New Daikin heat pump and alarm system, Sky dish. House size approximately 240m2
‘Coll Croft’ 24 Wansbeck Street, South Hill, Oamaru.
A truly amazing opportunity.
Oamaru offers fantastic lifestyle appeal and incredible value, being recently voted NZ’s ‘sharpest’ town! Find out more http://www.visitoamaru.co.nz.
That’s still a lot of money, but there are other more affordable options such as this one with an asking price of $189,000:
• Open plan kitchen/dining
• 3 double bedrooms
• Sep. lounge & study
• Single garage & workshop
• 1012m2 section with offstreet parking
• Sunny South Hill location
A spacious section with options: plants & pets, a playground or parking all those vehicles. . .
In between those is this brand new house with an asking price of $385,000:
We don’t have a housing crisis, we have a supply problem in a very few areas.
I like the idea that good deeds aren’t boomerangs which you should expect to return but batons you pass on.
However, I also believe you reap what you sow and this illustrates how kindness is returned by kindness.
Lincoln University is proposing a new Bachelor of Agribusiness and Food Marketing degree which will target people looking for careers further along the food chain in processing, marketing and retail.
While agriculture and food have been at the core of that specialisation for more than a century, heightened awareness of global food supply and quality opportunities has led the university to refocus its agribusiness and food education and associated research programmes.
“This new degree will look at food innovation, the science around processing and technology, and production systems,” Lincoln University senior lecturer in agribusiness management Nic Lees said.
“It will also include marketing and agribusiness management, so people come out with an understanding of the technical food aspects and issues, as well as food marketing and management skills.”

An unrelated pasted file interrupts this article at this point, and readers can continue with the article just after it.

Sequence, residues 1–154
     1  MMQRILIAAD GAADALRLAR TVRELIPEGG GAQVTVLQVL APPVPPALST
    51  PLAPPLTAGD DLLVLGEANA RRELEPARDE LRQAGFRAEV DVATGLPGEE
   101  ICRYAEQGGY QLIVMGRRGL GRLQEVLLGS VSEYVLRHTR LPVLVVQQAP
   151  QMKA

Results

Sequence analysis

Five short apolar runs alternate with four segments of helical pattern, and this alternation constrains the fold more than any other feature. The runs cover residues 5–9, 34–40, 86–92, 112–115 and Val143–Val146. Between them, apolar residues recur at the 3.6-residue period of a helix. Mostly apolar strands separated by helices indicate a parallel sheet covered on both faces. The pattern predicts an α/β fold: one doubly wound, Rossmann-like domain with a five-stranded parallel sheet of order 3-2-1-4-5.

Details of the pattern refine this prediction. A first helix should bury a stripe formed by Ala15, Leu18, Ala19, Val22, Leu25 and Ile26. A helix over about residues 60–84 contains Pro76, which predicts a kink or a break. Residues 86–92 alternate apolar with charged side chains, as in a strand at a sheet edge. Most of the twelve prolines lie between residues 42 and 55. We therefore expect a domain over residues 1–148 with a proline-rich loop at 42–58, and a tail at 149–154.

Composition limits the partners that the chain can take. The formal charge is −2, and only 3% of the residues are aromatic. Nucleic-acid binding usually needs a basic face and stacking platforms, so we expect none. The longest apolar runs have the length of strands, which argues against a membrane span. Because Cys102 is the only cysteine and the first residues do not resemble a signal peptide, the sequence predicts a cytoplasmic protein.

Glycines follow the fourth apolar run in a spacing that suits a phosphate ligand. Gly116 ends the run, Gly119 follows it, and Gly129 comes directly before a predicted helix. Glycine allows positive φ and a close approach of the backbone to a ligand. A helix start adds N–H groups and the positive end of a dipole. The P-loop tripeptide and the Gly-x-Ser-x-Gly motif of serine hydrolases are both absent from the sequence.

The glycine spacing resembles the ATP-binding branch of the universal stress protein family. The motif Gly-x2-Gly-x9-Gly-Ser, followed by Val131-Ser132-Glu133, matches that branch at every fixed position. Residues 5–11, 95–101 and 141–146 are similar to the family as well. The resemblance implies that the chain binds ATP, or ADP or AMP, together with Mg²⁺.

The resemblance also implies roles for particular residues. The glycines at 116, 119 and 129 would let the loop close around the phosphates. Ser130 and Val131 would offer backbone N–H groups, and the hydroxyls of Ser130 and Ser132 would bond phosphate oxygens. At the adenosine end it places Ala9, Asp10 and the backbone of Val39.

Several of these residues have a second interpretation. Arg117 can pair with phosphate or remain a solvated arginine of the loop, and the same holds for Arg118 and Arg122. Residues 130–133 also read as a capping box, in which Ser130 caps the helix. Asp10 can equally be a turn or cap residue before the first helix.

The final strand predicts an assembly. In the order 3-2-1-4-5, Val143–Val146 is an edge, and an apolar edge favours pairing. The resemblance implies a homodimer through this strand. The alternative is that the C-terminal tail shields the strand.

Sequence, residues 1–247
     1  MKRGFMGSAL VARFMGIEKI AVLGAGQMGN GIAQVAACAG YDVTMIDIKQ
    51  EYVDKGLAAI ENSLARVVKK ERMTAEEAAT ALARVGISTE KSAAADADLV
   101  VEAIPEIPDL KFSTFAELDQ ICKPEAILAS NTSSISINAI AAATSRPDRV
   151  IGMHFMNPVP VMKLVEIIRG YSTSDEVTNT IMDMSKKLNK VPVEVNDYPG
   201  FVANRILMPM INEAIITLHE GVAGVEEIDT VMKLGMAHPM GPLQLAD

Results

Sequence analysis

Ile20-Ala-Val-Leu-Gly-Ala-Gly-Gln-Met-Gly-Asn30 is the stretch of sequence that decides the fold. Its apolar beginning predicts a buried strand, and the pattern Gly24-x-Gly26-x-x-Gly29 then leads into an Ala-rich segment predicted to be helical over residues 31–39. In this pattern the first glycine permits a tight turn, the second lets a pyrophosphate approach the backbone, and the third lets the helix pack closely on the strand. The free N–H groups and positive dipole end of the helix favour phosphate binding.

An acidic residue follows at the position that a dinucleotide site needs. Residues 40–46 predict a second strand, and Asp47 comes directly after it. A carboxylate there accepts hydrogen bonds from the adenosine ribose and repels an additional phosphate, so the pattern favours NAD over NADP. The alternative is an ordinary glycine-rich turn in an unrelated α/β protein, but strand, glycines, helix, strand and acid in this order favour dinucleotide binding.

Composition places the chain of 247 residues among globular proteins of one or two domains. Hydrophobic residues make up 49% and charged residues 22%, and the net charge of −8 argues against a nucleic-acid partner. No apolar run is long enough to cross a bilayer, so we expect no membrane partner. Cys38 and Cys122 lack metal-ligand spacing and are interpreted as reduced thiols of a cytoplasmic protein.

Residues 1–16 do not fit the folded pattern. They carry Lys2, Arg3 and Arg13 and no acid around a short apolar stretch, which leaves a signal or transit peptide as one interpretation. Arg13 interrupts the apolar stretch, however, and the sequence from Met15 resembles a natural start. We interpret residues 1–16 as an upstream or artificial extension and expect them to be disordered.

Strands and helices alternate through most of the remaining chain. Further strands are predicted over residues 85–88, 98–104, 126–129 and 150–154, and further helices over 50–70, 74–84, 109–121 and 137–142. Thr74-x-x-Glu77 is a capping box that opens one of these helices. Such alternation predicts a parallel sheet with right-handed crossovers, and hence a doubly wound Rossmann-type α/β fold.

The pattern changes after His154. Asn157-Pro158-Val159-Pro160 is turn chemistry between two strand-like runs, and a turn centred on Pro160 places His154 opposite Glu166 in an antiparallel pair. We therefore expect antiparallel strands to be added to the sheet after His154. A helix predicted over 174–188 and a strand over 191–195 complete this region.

While Lincoln traditionally had strengths in its three Bachelor of Agriculture Science, Commerce (Agriculture), and Food Science courses, all of which had grown rapidly in recent years, the opportunity to offer a degree specifically focused to the agri-food industry outside the specific farm roles had been realised, he said.
“These traditional courses prepare people for farm management, rural financial, and technical roles, either directly onfarm or farm facing but a big chunk of agri-food business is not covered.”
The new degree would target students looking to enter the agribusiness sector but not necessarily wanting to work on a farm or own a farm, Lees said.
“We need to make these agri-food business careers more accessible for students. We (Lincoln) are very good at the production side but we need people who also understand the business and marketing of that.” . . .
This is a very good idea.
We’re very good at primary production and processing, we’re not as good as we need to be at adding value further along the food chain and marketing.
There is a gap in the qualification market which this degree could fill to the benefit of students, the university, producers, processors and the economy.